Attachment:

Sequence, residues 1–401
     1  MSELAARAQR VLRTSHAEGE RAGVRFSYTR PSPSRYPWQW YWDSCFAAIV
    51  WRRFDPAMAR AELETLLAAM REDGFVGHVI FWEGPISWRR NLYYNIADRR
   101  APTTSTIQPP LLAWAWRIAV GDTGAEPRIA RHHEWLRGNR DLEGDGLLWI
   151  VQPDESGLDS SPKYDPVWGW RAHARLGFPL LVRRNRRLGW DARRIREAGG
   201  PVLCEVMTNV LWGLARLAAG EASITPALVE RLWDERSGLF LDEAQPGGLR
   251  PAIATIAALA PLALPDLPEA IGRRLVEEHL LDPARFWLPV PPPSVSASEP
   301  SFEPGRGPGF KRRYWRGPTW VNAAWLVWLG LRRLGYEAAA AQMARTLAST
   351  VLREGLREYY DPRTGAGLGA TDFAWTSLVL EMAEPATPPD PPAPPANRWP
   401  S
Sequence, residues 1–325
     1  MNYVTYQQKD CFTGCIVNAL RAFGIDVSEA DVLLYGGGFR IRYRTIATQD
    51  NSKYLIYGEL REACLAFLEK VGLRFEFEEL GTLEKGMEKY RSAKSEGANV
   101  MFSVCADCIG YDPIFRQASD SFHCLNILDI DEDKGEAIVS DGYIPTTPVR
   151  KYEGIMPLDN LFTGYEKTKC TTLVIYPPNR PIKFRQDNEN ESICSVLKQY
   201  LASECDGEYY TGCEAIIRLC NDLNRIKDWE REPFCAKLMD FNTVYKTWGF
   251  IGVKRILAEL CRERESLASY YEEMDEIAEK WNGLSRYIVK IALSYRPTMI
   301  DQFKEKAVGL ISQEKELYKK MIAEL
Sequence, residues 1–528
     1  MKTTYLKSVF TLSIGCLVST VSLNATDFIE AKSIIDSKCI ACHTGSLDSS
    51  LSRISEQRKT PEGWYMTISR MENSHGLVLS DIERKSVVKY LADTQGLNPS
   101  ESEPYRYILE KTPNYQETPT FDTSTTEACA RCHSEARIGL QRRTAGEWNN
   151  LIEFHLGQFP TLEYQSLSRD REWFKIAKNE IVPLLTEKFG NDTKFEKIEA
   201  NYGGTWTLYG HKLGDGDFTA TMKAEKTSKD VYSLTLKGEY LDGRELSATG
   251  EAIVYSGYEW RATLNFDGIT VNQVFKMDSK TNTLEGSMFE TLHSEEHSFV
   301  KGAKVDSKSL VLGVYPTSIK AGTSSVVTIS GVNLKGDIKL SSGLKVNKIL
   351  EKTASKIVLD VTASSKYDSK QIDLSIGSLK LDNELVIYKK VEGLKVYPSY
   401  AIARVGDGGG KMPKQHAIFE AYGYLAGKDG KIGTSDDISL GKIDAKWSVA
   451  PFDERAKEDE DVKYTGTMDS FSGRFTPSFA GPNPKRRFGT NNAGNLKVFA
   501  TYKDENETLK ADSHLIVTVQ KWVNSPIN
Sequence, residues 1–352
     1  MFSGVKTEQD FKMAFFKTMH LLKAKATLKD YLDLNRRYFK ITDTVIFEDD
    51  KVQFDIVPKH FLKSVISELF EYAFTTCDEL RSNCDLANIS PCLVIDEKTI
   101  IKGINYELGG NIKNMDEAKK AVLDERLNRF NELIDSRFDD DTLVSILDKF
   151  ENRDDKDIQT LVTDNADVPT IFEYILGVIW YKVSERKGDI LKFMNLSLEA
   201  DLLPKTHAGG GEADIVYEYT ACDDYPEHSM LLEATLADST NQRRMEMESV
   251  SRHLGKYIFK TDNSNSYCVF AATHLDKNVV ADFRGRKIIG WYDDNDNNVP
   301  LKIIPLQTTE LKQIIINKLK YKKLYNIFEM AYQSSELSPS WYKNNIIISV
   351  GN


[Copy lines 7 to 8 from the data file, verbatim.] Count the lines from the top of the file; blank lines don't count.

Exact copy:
   251  PAIATIAALA PLALPDLPEA IGRRLVEEHL LDPARFWLPV PPPSVSASEP
   301  SFEPGRGPGF KRRYWRGPTW VNAAWLVWLG LRRLGYEAAA AQMARTLAST